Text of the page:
Brooks Reitz’s last day as manager of the Ordinary was Sunday. Today, he is ready to announce his next venture, or rather ventures. Reitz is partnering with restaurateur Tim Mink to open two new places on Upper King Street. These will not be a part of Mink’s established REV restaurant group, which includes Taco Boy, Closed for Business, and Monza. Reitz says each restaurant is owned separately under a different LLC.

Leon’s, at 698 King St., will be a fried chicken and fish joint with a menu of raw and chargrilled oysters.

“It’ll be high-energy with lots of draft beer but no craft cocktails,” he says. “You can sit down, order some easy stuff, and be part of a great vibe.”

It’ll be the kind of place that makes you feel good — sexy. “That’s what a good restaurant can do,” says Reitz, who says venues like Pizza East in London inspired him. “I’m interested in getting into things that are scruffy and high-energy. … In London, what I loved is these great places we went, the food is very simple. It’s just a restaurant but it’s a fun restaurant.”

The second venture for Reitz and Mink will be a “gathering place” called St. Alban, in the vein of an all-day European café. In the morning, you can stop in for a cup of coffee and some pastries. By the afternoon, you can get some cheese and antipasto and in the early evening some wine, a glass of sherry or a beer, and basic food offerings. It will be going into a space located at 710 King St. — with plenty of parking.

“There’s no coffee shop in that corridor on King Street between Wagener Terrace and downtown, and we want to cater to that young, professional neighborhood,” he says.

For Reitz, this move is all part of his long-term plan. In college he studied drama and English but made a conscious choice to pursue a hospitality career. He’s been managing restaurants since he was 21.

After  working at Proof in Louisville, Ky., and acquiring some serious cocktail skills, Reitz moved to Charleston five years ago to work at FIG, eventually taking over as manager and then helping open the Ordinary a year ago.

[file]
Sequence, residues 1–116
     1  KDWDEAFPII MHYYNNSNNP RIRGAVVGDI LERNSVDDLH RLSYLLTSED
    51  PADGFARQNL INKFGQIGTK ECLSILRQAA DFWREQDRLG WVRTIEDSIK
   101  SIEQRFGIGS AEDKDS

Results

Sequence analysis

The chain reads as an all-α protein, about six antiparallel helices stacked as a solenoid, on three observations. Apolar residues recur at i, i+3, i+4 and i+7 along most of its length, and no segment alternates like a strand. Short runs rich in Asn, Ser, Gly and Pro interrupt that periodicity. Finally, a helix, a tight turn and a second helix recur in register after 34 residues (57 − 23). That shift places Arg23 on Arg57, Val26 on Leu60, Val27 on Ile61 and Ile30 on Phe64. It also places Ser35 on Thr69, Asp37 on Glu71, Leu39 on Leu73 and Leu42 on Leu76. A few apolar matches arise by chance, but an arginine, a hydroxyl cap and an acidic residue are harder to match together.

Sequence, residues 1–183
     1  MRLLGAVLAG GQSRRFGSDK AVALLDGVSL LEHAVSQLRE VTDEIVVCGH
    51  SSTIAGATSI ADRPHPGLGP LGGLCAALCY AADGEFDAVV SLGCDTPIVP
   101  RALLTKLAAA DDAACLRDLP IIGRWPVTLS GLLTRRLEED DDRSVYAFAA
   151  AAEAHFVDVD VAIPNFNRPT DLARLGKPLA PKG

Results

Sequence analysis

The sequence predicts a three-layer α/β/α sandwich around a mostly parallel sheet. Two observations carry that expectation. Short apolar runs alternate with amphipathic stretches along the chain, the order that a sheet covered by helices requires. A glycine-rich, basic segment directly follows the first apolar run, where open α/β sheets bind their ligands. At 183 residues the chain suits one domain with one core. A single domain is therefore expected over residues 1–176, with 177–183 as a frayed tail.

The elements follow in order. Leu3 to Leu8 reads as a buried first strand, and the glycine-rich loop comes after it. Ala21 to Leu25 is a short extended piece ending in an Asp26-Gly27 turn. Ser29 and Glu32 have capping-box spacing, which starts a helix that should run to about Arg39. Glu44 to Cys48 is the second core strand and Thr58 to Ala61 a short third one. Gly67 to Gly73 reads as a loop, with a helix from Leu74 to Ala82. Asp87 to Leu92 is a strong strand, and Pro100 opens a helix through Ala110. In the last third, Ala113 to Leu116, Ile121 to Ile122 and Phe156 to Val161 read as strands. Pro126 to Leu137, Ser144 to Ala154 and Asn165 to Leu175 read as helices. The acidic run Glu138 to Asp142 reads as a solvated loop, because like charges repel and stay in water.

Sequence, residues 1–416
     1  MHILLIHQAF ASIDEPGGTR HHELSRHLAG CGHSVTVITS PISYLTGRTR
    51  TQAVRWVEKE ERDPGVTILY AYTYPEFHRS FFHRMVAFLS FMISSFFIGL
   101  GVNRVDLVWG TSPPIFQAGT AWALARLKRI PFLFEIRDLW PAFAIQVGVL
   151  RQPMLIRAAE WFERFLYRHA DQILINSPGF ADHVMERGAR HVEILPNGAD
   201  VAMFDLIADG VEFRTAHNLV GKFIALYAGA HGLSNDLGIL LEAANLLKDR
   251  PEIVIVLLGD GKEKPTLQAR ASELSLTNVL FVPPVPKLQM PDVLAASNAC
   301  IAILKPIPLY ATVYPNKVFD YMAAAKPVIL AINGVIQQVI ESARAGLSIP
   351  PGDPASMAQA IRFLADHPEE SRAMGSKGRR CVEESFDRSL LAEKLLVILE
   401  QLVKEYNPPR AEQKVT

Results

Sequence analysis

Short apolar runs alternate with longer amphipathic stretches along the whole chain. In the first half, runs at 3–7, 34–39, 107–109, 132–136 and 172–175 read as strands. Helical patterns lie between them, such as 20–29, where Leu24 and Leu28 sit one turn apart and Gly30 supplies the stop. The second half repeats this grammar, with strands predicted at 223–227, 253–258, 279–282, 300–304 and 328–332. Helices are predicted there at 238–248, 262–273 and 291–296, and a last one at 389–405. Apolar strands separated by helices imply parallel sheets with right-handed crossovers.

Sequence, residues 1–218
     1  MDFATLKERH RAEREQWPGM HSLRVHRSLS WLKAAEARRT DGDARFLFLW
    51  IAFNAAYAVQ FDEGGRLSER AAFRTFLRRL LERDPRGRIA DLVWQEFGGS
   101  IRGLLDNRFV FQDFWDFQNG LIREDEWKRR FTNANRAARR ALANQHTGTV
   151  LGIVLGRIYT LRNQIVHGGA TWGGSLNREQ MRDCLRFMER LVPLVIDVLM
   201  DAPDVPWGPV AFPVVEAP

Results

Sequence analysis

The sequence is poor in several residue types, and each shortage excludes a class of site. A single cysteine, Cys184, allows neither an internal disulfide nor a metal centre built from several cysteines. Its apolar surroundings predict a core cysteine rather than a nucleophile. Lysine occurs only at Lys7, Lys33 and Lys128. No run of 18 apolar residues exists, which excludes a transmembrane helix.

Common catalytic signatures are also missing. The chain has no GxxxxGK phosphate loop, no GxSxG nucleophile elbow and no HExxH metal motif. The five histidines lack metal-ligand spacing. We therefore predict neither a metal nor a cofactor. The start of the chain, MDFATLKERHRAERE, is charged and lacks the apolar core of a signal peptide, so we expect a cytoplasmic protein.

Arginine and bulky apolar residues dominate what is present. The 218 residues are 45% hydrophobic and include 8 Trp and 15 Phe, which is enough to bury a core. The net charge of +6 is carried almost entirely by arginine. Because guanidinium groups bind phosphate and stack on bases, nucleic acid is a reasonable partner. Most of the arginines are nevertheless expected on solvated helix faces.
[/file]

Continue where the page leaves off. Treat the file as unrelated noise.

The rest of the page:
While managing Charleston’s top restaurants, Reitz established Jack Rudy Cocktail Co., crafting small-batch tonic and grenadine. That company’s success has allowed him to make this next move — “and get some skin in the game.”

“I won’t be the general manager at either of these places,” he says. “I will be present, but I won’t have the same role I had at FIG and the Ordinary. I’m a little burned out with that part of it, but there’s nothing more exciting than being in a restaurant.”

On the horizon, Reitz hopes to parlay this experience creating these two new restaurants into a design consulting business. He already has a great connection with Michael Bonadies, a hotelier and restaurateur who hires him to develop concepts and find designers for big budget projects (big in the sense of Middle East hotels). The ambitious Reitz sees design work as a future direction for his new partnership with Mink, and they’ve already created a firm called Neighbourhood, whose first task is designing Leon’s and St. Alban.

The two restaurants are currently in the permitting and approval stages and Reitz hopes for them to be open by the first of the year. 

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